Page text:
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Mailman caps Suburban career in flying colors

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An Athlete of the Year award? Yes.

Two receiving records? Check.

A full-ride scholarship to a Division-I lacrosse program? Signed, sealed and delivered.

If there was a high school sports checklist, York Suburban's Collin Mailman checked off just about every box in what turned out to be a legendary career in football and lacrosse. And while his path leads him to Drexel University in a few months, the legacy he left at York Suburban won't soon be forgotten.

Merkle to Mailman

York Suburban and YAIAA football fans alike got used to hearing that phrase over the last few seasons – Merkle to Mailman.

The two teammates have known each other since preschool and “did everything together,” Merkle said.

They were so good together that they weren’t allowed to be on the same football team more than once a week during recess in elementary school because if they were, the other kids refused to play.

"Everyone would complain and actually end up quitting because we couldn't be stopped," Mailman said.

They didn’t start playing on the same team in organized football until eighth grade but their chemistry was immediately evident.

“I knew we had a strong connection on the field when in the first quarter of our first game together we had a long touchdown connection,” Merkle said. “That was the beginning.”

Mailman was on the receiving end of most of Merkle’s record-breaking passes. While playing together, Merkle broke the YAIAA record for career passing yards and his favorite target – Mailman – broke York Suburban’s record for career receptions and career receiving yards, and broke the YAIAA record for career receiving yards. He finished his Trojans career with more than 2,400 receiving yards and helped lead York Suburban to its first outright division title in 2015 — the football program's first since 1982.

“He was one of the top five-to-seven players I’ve coached in my 30 years,” Trojans offensive coordinator Brian Marshall said of Mailman. “He was a great team player, always in a good mood. He was just as happy for a teammate’s success as his own. And he was very coachable. He always wanted to pick up any advice he could.”

Mailman recalled the Trojans' dramatic, last-second victory at West York in 2015 and later winning the division title as his favorite memory. But Marshall’s fondest memory of seeing Mailman on the field actually came in a district-playoff loss. Mailman caught a short route and Marshall was hoping he’d keep it outside.

“He snapped about three defender’s ankles off during a run that went in and out and back in again for a touchdown,” Marshall said. “His hand-eye coordination was fantastic. His quick feet and ability to adapt to any throw set him apart from others.”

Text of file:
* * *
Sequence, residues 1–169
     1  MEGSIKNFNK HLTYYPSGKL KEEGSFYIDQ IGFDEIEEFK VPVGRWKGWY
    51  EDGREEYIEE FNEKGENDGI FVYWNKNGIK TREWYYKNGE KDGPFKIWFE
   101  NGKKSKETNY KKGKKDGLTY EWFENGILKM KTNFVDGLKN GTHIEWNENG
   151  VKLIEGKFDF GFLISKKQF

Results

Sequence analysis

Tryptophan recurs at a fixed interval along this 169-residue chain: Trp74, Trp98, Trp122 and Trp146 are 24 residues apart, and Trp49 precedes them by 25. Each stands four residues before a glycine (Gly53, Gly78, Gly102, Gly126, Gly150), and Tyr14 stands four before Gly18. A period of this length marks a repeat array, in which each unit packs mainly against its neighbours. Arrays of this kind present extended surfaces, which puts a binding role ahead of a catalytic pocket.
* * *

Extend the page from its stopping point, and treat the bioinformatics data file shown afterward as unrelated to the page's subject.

All-around talent

What’s more impressive about Mailman is that while his record-breaking season at wide receiver was impressive, football isn’t even his best sport. Mailman scored 60 goals this season – third-best in the league – and is committed on a full ride to play lacrosse at Drexel University.

He was the YAIAA coaches’ Player of the Year and the Boys’ Lacrosse Player of the Year. Widely respected by opponents as the toughest player to defend, Mailman’s laser shot was a must-see spectacle.

He shot a whiffle ball over 100 miles per hour with a lacrosse stick at GameTimePA Media Day.

”Just being on the field with him while he would take over games, it was so cool to see my friend just dominate against entire teams because no one could stop this kid this year,” said teammate Mike Sipes. “He’s a freak of an athlete and a fun kid to be around at all times.”

Sipes, who has been friends with Mailman since second grade, credited his friend with introducing him to lacrosse seven years ago. Sipes has played alongside Mailman ever since and is committed to play at Frostburg State next season.

“He convinced me to play and we’ve been playing ever since,” Sipes said. “He’s the type of kid to lead by example. He would help out the younger kids by telling them that he used to have the same problem and give them help on how to get better.”

Mailman admitted that while attending Drexel and being in the heart of a big city like Philadelphia will be exciting, it's lacrosse season that he's most looking forward to.

"Division I lacrosse is much faster and more physical," he said. "I'm anxious to get out there and see how I can contribute to the team."

Collin Mailman Career Highlights

  • Broke one YAIAA and two York Suburban football career receiving records, finishing with more than 2,400 yards
  • Scored 60 goals in his senior lacrosse season
  • Committed to play college lacrosse at Drexel University